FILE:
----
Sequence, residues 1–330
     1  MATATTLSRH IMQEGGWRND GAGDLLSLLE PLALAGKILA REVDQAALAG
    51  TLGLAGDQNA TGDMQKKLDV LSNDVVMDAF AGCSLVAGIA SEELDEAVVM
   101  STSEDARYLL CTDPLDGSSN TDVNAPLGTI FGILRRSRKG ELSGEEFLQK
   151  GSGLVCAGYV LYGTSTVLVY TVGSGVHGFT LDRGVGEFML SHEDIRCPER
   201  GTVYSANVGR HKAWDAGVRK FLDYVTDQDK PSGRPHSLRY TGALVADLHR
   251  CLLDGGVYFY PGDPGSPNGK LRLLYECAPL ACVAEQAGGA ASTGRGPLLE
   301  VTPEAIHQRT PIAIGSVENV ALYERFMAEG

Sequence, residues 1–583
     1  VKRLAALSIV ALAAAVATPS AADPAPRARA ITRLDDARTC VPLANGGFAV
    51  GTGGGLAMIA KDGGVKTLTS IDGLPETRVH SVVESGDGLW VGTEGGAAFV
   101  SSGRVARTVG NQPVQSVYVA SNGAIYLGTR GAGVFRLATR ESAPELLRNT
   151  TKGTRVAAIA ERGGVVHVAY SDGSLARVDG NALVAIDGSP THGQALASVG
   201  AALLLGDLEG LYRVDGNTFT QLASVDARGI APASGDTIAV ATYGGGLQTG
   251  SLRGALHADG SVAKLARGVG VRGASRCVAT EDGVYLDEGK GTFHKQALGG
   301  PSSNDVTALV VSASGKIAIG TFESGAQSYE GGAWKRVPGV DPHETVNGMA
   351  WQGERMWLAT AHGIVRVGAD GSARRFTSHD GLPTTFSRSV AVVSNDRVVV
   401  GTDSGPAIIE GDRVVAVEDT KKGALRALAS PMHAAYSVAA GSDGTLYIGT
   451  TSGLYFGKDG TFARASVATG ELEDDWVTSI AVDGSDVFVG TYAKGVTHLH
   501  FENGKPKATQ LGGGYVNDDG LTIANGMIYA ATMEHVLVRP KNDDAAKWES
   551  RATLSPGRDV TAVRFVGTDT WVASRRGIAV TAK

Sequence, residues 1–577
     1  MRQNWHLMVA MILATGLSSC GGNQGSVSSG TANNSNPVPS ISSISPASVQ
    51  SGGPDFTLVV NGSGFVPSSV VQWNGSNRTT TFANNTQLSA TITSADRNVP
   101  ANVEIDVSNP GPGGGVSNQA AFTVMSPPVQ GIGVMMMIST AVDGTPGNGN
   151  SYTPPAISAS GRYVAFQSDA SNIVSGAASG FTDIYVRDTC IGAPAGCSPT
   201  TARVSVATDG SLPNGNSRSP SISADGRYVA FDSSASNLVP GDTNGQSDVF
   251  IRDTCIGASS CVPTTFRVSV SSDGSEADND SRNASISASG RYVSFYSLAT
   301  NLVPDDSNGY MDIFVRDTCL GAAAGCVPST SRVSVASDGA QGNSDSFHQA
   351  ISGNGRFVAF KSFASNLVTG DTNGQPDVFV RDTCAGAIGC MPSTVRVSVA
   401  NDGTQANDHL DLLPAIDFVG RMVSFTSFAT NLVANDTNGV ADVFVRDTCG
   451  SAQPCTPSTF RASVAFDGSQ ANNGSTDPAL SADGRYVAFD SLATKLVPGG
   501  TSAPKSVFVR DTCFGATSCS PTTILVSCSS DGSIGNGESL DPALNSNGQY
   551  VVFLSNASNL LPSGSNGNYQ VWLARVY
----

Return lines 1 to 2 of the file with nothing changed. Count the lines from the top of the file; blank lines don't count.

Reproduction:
Sequence, residues 1–330
     1  MATATTLSRH IMQEGGWRND GAGDLLSLLE PLALAGKILA REVDQAALAG